Human Services

YWCA of St. Paul Minnesota

  • St. Paul, MN
  • http://www.ywcaofstpaul.org

Mission Statement

YWCA St. Paul is dedicated to eliminating racism, empowering women and promoting peace, justice, freedom and dignity for all.

Main Programs

  1. Housing & Supportive Services
  2. Health & Wellness
  3. Youth Development
  4. Employment & Economic Development
Service Areas

Self-reported

Minnesota

Collaborating with a broad east metro referral network, YWCA St. Paul anchors the Summit Univeristy community and reaches out its neighbors in Greater St. Paul.

ruling year

1942

Chief Executive Officer since 2015

Self-reported

Ms. Gaye Adams Massey

Keywords

Self-reported

women, girls, families, youth, child care, homelessness, social service, mentors, housing, fitness, employment, training, academic enrichment

Sign in or create an account to view Form(s) 990 for 2015, 2014 and 2014.
Register now

Also Known As

YWCA St Paul

EIN

41-0693892

 Number

1104696690

Contact

Cause Area (NTEE Code)

YMCA, YWCA, YWHA, YMHA (P27)

Other Housing, Shelter N.E.C. (L99)

Children's and Youth Services (P30)

IRS Filing Requirement

This organization is required to file an IRS Form 990 or 990-EZ.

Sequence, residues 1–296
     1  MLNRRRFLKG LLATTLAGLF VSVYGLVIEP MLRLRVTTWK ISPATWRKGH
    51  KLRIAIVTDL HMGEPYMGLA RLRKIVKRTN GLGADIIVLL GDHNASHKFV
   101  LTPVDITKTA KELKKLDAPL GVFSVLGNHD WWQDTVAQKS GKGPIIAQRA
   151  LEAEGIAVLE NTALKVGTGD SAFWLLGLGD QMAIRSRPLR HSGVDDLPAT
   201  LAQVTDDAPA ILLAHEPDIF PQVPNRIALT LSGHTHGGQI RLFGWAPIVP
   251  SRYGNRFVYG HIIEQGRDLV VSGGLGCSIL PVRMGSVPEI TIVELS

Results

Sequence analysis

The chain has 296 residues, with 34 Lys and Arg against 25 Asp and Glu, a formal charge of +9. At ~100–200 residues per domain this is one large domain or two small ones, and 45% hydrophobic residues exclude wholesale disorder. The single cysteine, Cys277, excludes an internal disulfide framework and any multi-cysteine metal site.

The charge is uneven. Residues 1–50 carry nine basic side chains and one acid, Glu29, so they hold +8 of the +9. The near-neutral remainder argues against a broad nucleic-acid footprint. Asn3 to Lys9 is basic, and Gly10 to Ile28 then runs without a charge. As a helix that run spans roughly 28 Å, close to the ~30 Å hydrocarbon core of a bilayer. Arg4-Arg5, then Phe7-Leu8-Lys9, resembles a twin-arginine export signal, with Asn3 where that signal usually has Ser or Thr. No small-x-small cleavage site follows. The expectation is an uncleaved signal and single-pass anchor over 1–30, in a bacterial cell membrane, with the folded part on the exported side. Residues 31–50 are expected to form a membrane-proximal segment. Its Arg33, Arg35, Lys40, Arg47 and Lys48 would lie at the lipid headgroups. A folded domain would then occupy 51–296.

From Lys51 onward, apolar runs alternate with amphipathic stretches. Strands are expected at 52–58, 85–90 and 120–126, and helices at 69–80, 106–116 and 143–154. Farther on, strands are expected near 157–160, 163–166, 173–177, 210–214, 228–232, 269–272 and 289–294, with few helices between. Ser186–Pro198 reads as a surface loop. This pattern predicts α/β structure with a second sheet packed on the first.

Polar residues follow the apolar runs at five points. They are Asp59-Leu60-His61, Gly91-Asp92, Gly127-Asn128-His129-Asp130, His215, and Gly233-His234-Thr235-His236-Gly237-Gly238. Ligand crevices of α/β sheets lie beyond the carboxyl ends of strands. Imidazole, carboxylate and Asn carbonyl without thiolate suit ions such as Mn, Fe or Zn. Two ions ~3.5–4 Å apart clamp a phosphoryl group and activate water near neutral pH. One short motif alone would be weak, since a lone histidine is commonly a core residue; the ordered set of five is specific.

Programs + Results

How does this organization make a difference?

Overview

Self-reported by organization

For more than 100 years, YWCA St. Paul has been changing minds, bodies and lives.

You might know us best for our Health & Fitness Center, but we also work to help:

•Families to fight homelessness
•At-risk youth to reach their full potential
•The unemployed and underemployed to find their place in the workforce

Addressing community needs in four core areas: Housing & Supportive Services, Youth Development, Health & Wellness and Employment & Economic Development, last year our programs and services helped more than 6,300 people to reach their goals and improve their quality of life.

Programs

Self-reported by organization

What are the organization's current programs, how do they measure success, and who do the programs serve?

Program 1

Housing & Supportive Services

More than simply providing a safe place to live, programs and services empower families to navigate crisis, stabilize their lives, build skills, decrease their dependency on emergency shelters and work to keep their children safe and families united. Core programs include: Transitional Housing Program (THP), Permanent Supportive Housing (PSH) and Rapid Re-Housing (RRH).

Category

Housing Support

Population(s) Served

Homeless

None

None

Budget

$2,371,465.00

Program 2

Health & Wellness

Offering a wide variety of individual and group activities to support good health, the HFC offers a welcoming, inclusive atmosphere and professional staff that empower people of all ages to live an active lifestyle, prevent and manage chronic medical conditions, reduce stress and grow strong in both body and mind. Services include: health & fitness memberships, group fitness classes, aquatics classes & instruction, personal training and senior specific fitness offerings. Financial assistance and outreach make healthy living accessible to individuals and families in the wider community as well as YWCA programs serving at-risk youth and homeless families.